H. M. (Henry Marie) Brackenridge.

Voyage to South America, performed by order of the American Government in the years 1817 and 1818, in the frigate Congress (Volume v.1) online

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Next to the province of Rio Janeiro, on the coast,
comes that of St. Paul, which stretches along it about
four hundred miles, and is about five hundred in depth.
It is bounded to the west by the great river Parana,
which separates it from the Spanish province of Para-
guay. On the south it is bounded by the Iguazu, and
a line drawn from this river to the small river St.
Francisco, and down to its mouth. It is one of the
most fertile and delightful provinces of South America.
The great range of mountains which here runs close
along the coast, on the western side, is a vast inclined
plain, down which some of the largest branches of the
Parana flow into that immense river. The western



slope is so gentle as scarcely to be perceptible, and
although not level, it can hardly be considered hilly
or mountainous. On the eastern side, the ascent is
very steep ; the road from Santos to St. Paul, ascends
a mountain six thousand feet high, and is perhaps the
piost considerable work of this description in Brazil.
From this point, however, in following the mountains
to the southward, they gradually retire from the coast,
leaving a broken country between them and the sea,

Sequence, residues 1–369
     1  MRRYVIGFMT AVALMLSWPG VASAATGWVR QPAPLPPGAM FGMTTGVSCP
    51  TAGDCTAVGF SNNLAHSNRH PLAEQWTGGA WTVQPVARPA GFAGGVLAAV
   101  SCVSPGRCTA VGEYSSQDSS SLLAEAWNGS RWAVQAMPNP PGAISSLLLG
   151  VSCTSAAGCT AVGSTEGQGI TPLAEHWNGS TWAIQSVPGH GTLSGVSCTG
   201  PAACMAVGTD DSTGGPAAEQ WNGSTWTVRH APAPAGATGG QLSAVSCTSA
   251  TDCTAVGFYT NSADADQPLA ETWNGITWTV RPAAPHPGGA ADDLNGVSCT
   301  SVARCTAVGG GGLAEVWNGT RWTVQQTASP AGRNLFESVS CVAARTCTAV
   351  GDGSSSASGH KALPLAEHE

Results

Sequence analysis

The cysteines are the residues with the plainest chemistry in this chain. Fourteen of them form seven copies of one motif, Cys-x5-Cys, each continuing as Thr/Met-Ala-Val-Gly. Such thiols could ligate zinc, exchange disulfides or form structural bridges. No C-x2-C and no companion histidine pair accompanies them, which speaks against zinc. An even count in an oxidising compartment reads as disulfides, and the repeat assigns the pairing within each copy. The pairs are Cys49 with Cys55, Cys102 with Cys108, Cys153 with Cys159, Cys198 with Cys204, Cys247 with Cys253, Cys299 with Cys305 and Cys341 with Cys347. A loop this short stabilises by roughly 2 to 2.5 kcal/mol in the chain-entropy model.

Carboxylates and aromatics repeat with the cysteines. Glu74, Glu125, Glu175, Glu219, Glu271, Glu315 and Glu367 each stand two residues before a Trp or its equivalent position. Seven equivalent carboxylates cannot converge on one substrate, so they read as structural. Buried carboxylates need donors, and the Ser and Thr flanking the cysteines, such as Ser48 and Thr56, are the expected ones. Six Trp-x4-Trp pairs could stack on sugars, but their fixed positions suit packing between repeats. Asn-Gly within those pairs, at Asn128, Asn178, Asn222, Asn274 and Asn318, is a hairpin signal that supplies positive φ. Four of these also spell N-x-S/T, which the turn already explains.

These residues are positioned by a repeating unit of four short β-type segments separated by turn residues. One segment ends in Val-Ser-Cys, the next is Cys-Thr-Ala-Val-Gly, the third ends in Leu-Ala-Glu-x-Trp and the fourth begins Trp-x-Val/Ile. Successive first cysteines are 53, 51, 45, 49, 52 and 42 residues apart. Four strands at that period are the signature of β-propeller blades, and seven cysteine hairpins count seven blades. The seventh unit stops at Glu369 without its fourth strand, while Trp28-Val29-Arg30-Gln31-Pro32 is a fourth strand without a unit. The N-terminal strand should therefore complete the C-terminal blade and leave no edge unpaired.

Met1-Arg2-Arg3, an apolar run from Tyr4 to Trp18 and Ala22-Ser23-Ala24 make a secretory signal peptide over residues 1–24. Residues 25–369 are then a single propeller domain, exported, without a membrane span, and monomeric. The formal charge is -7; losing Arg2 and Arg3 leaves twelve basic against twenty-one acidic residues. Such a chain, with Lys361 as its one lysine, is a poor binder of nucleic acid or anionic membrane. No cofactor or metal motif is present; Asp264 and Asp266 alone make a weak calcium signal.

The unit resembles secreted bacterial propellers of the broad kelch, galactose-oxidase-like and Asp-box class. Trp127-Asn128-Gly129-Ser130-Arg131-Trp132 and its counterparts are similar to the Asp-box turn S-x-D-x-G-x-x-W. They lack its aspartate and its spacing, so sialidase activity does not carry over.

through which the Paraiba of the south takes its
course. Between these mountains and the coast, an
extraordinary number of cataracts and cascades are
formed, by the waters which are precipitated down
the eastern side. The navigation of the rivers on the
western side, is also impeded by a great number of
falls and rapids; but the intervals between the portages,
are navigated by large perogues, such as are used
pn our western waters, made out of the single trunks
of trees, of which there is an abundance on their banks,
of a prodigious size. The river Tiete, which rises
near the city of St. Paul, is generally used as the
channel of communication to the mines of Matto
Grosso. After descending to the Parana, they continue
do\vn its stream to the mouth of the Pardo, which enters
from the west, and up this river to the foot of a chain
of mountains, which they cross to the river Taquari,
which flows into the river Paraguay, above the
Spanish possessions. The inhabitants of St. Paul took
^.dvantage of this route at an early period, for the pur-
pose of committing depredations on the numerous Indian
tribes settled on that river.

The climate is probably the most pleasant in Brazil.
Though nearer the equator than the provinces of La
Plata, the disadvantage is more than counterbalanced
by its height ; the commencement of the slope is six


thousand feet above the sea, and two thousand feet
^bove the inferior limit for the cultivation of European
grain. The thermometer descends as low as forty,
though it rarely rises above eighty. In the evenings, it
is sometimes so cold as to render necessary a change
of clothes, and to make use of brazeros.* In the vici-